Professor Kofi Anyidoho whose name cannot be omitted when speaking about world literature, African literature and Ghanaian literature, Ewe literature (Ewe is his mother tongue) set the ball rolling with a robust notion and practice that is a sine qua non for the flourishing of the teaching of literature, stressing the need or obligation to train the younger ones so that engagement with literature never dies. Anyidoho demonstrated his point by asking one of his protégés to perform some of his oral materials to the audience. Nana Asaase mesmerized the audience, his performance revealed how the mentorship he received from Anyidoho had transformed him into the present able, competent, creatively generous young artist in oral and written literature he is. Almost all universities extended an invitation to this brilliant young man and scholar in literature to help in the teaching and performance of literature in their institutions. Seeing Asaase perform his poems, tales and other rich materials stressed the sanctity of teaching and study of literature.

Professor Yaw Sekyi-Baidoo, a scholar who straddles language and literature, made vigorous claims towards rescuing literature. To him, literature is life, literature is instruction, literature is language and literature provides the foundation on which science rest and stands. Professor M. Koffi Koddah a scholar and professor of French and Francophone Civilization, unequivocally, revealed the pivotal role of literature in national development. The first step has therefore been taken to redirect, sanitize and energize the area of literature. In a roundtable discussion with relevant stakeholders, several great minds proposed a synergy with other departments to embrace or experiment with practices or mount courses like Theatre for Development (T4D), a recommendation severally made by Professor Victor Yankah of the University of Cape Coast to make literature more fun and community related. Anyidoho reiterated the fundamental role of mother tongues and the need to “live them” daily rather than confining the teaching of African languages within the walls of the classroom. He stipulated that “misinformation/miseducation”, and poor choices make the larger society and STEM enthusiasts (STEM refers to Science, Technology, Engineering and Mathematics) generally undermine the benefits and role of literature in national development.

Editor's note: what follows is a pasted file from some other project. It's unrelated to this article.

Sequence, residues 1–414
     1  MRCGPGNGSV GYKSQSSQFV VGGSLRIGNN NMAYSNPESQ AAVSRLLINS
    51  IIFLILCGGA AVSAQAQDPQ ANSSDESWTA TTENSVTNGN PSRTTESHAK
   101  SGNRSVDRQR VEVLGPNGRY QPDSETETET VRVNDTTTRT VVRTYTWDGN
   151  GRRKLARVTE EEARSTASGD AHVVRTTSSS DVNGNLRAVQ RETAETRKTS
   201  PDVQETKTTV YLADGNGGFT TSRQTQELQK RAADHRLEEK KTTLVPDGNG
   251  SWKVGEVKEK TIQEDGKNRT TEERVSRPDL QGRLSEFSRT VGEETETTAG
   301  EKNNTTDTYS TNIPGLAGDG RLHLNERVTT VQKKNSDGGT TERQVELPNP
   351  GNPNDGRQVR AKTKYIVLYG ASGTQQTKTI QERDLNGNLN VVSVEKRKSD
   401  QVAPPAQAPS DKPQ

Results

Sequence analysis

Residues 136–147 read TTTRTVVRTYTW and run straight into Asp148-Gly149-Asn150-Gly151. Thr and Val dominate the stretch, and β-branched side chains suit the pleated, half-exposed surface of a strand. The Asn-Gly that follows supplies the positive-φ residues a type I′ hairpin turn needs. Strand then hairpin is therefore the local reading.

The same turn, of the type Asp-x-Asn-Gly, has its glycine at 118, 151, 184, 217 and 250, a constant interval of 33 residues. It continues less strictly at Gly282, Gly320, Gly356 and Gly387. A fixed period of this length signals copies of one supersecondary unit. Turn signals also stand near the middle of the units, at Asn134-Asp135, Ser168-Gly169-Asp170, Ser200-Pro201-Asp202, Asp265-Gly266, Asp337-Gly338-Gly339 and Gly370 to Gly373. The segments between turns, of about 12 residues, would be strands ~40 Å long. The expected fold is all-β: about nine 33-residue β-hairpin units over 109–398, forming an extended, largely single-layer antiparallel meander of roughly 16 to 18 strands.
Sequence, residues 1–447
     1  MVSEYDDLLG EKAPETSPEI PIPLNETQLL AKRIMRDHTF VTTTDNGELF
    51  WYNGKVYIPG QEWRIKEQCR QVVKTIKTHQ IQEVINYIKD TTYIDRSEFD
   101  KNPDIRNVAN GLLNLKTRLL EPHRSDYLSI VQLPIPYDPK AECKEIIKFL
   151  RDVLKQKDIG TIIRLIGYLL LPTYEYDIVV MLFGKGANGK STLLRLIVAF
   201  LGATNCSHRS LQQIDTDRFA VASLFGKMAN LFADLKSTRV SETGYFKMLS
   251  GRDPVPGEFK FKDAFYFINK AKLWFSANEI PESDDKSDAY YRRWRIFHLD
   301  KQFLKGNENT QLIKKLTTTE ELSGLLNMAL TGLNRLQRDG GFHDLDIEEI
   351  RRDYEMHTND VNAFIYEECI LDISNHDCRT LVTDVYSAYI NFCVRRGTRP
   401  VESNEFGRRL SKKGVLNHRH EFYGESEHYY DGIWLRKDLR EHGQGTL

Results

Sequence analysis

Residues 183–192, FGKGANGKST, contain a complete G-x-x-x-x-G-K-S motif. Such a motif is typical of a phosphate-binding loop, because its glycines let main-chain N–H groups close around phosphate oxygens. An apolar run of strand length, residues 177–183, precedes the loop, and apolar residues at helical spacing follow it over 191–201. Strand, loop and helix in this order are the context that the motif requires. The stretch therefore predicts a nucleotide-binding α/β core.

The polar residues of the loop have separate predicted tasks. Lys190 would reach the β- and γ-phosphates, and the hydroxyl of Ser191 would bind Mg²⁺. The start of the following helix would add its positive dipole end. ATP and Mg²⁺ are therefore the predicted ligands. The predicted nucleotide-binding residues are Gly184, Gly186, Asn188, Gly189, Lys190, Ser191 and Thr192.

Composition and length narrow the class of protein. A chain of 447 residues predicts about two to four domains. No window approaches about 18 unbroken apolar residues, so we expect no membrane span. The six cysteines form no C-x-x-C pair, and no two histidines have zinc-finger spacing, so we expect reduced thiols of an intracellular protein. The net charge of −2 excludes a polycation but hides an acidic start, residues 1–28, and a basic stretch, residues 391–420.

The Literature Association of Ghana intends to organize annual conferences and several socio-pedagogical activities to work towards the eradication of the malaise which this dissociation of language and literature represents.

Moussa Traore is Associate Professor at the Department of English of the University of Cape Coast, Ghana.

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  1. It is commendable that the association has taken the initiative to revive the appreciation for literature within the Ghanaian educational system, especially among students at all academic levels. In my view, the waning interest in literature in Ghanaian schools may also stem from the level of expertise of educators responsible for teaching literature across the educational spectrum in Ghana.